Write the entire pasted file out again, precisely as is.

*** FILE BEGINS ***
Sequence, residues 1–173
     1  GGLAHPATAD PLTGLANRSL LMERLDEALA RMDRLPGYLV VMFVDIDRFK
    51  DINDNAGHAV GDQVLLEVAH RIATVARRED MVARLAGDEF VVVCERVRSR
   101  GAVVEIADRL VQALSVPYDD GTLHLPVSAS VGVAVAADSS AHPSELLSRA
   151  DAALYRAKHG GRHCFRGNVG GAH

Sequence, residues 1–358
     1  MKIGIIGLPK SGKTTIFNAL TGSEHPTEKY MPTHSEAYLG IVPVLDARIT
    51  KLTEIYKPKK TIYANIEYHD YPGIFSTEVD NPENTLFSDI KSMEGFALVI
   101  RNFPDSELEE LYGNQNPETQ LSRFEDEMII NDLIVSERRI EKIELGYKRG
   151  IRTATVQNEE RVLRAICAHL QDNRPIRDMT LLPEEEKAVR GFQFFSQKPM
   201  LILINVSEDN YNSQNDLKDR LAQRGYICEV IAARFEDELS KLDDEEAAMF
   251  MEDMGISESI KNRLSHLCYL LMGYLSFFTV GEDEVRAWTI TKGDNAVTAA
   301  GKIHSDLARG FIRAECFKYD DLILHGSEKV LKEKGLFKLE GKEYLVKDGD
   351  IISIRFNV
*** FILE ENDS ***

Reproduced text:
Sequence, residues 1–173
     1  GGLAHPATAD PLTGLANRSL LMERLDEALA RMDRLPGYLV VMFVDIDRFK
    51  DINDNAGHAV GDQVLLEVAH RIATVARRED MVARLAGDEF VVVCERVRSR
   101  GAVVEIADRL VQALSVPYDD GTLHLPVSAS VGVAVAADSS AHPSELLSRA
   151  DAALYRAKHG GRHCFRGNVG GAH

Sequence, residues 1–358
     1  MKIGIIGLPK SGKTTIFNAL TGSEHPTEKY MPTHSEAYLG IVPVLDARIT
    51  KLTEIYKPKK TIYANIEYHD YPGIFSTEVD NPENTLFSDI KSMEGFALVI
   101  RNFPDSELEE LYGNQNPETQ LSRFEDEMII NDLIVSERRI EKIELGYKRG
   151  IRTATVQNEE RVLRAICAHL QDNRPIRDMT LLPEEEKAVR GFQFFSQKPM
   201  LILINVSEDN YNSQNDLKDR LAQRGYICEV IAARFEDELS KLDDEEAAMF
   251  MEDMGISESI KNRLSHLCYL LMGYLSFFTV GEDEVRAWTI TKGDNAVTAA
   301  GKIHSDLARG FIRAECFKYD DLILHGSEKV LKEKGLFKLE GKEYLVKDGD
   351  IISIRFNV